Few things I noticed:
The percentages skew towards the obese:
Of the 11 247 participants examined in the 1999–2000 AusDiab study, data were available in the 2004–2005 follow-up survey for 6140 (54.1% female; mean age, 56.5 years). Based on BMI, 31.6% were normal weight, 41.3% were overweight and 27.0% were obese. The proportions with normal WC, abdominal overweight and abdominal obesity were 32.8%, 26.3%, and 41.0%. When combined definitions (based on BMI and/or WC) were used, 24.7% were normal, 32.4% were overweight and 42.9% were obese.
The 2007–2008 NHS reported similar BMI-based rates for adults aged ≥ 25 years: normal, 34.1%; overweight, 39.1%; and obese, 26.9%.
This seems to be because they included WC obesity, not really something I’ve seen done much so far in these epidemiological studies. It would suggest there are many more ‘obese’ people than the BMI suggests.
Note: no controls for weight-based interventions. That is, costs associated with bariatric surgery (to include these would seem like the dog biting its own tail, as it were). Also, no controls for when fatness is a symptom of a condition in an obvious way, like a side-effect of certain prescription medications or a symptom of PCOS or hypoglycemia. This studies skews fatness as ’cause’ of greater medical costs, when fatness can be a symptom of conditions which would naturally push costs up.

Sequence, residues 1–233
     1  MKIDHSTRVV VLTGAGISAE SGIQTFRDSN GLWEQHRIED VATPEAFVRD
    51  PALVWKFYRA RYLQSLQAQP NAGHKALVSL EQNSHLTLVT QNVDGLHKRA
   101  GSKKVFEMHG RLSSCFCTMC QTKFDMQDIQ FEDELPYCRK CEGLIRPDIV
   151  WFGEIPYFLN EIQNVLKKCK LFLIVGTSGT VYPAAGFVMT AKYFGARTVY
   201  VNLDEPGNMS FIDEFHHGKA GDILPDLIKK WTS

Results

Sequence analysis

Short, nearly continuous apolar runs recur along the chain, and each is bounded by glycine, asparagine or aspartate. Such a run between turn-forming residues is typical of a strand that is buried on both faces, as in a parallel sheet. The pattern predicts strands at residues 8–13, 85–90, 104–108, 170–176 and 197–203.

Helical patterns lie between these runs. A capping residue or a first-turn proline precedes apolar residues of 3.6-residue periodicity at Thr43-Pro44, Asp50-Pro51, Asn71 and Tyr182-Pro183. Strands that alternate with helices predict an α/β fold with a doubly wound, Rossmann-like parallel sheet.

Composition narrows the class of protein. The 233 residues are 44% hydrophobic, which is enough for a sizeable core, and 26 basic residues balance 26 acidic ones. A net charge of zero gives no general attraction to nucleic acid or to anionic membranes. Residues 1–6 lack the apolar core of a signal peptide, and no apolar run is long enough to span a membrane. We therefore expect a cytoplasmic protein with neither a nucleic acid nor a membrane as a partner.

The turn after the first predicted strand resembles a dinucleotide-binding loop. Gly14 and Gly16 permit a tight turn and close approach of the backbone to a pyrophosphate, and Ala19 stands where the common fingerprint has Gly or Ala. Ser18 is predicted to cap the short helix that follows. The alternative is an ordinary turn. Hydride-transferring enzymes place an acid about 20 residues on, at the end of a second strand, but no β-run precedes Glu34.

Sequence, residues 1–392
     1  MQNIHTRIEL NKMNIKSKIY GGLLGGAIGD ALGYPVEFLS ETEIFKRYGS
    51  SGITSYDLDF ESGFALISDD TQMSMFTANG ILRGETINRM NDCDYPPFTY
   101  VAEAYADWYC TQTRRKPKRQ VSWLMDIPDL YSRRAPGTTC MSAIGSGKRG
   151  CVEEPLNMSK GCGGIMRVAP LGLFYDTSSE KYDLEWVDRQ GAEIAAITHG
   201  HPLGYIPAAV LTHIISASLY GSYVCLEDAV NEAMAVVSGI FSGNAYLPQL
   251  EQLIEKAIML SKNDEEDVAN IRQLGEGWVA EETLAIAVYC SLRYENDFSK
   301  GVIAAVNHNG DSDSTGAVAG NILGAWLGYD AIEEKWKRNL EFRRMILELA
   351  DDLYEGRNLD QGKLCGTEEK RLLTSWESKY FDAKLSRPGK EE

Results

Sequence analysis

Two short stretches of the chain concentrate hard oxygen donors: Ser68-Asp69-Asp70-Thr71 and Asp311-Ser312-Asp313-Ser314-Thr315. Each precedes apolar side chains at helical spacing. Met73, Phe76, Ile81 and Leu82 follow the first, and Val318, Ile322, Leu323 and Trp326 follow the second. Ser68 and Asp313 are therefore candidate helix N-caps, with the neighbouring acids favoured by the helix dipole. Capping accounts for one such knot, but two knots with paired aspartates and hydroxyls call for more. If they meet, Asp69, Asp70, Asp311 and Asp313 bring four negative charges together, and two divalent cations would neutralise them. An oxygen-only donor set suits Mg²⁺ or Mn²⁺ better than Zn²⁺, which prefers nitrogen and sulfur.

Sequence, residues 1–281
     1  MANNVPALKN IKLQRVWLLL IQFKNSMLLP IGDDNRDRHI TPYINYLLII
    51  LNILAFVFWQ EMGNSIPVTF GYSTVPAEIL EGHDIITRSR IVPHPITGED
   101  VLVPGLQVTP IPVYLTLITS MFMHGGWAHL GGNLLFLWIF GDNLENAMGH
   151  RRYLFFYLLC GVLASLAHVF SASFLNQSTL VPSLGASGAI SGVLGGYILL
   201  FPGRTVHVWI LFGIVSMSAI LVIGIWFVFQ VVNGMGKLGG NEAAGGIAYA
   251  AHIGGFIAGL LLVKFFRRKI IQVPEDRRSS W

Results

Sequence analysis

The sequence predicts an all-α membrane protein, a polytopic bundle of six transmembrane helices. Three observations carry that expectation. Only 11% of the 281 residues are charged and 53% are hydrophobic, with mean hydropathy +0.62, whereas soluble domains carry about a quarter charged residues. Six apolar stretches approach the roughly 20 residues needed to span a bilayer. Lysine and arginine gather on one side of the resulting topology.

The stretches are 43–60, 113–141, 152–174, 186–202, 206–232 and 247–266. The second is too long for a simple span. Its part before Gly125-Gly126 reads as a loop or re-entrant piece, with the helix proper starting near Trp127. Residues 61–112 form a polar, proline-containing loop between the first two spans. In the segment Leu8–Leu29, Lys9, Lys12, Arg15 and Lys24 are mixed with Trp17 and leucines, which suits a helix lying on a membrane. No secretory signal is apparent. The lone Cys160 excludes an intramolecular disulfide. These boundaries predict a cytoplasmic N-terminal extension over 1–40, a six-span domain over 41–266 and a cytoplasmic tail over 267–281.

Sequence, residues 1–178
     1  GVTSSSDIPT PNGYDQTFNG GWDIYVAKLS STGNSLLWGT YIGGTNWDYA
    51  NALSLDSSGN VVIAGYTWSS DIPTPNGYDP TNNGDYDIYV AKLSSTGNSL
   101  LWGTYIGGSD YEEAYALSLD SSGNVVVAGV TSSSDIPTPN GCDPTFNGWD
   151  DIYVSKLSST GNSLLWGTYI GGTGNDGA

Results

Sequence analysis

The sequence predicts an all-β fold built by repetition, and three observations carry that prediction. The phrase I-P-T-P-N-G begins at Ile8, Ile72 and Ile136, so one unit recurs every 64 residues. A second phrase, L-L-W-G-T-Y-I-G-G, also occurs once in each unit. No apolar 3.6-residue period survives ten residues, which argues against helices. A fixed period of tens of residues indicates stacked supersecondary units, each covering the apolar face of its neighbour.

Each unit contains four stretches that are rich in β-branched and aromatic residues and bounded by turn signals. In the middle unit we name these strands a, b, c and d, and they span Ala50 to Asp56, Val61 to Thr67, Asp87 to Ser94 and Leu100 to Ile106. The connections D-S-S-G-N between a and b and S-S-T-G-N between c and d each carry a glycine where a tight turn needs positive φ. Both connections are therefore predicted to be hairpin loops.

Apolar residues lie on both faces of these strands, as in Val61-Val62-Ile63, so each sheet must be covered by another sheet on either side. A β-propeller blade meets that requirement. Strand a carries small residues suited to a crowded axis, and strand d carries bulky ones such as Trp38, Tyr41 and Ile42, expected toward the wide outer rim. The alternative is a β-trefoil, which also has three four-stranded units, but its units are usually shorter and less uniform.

In that same breath, diseases with a symptom of wasting (like some cancers) should be controlled for.
The mean annual payment from government subsidies was $3600 (95% CI, $3446–$3753) per person (Box 1). Based on BMI, government subsidies per person increased from $2948 (95% CI, $2696–$3199) for people of normal weight to $3737 (95% CI, $3496–$3978) for the overweight and $4153 (95% CI, $3840–$4466) for the obese. A similar trend was observed for WC-based weight classification.
This isn’t saying anything new. We’ve known for a while (need a link here) that poorer people in our modern society tend to be fatter than richer people. Poorer people consume more government subsidies. Hence fatter people consume more government subsidies.
I think that this study could have been much more rigorous if they would have done a few things:
- Controlled for obesity-related interventions like bariatric surgery and weight-loss interventions
- Controlled for costs associated to conditions and medications that clearly have increased (or decreased) weight as a side effect, as that would skew the data
- Controlled for income when calculating government subsidies per person
Then again, if those things were done, then I don’t think we’d see such a neat, eye-popping linear relationship between ‘obesity’ and costs, would you?
This ‘study’ is prop for some future political theatrics, nothing more.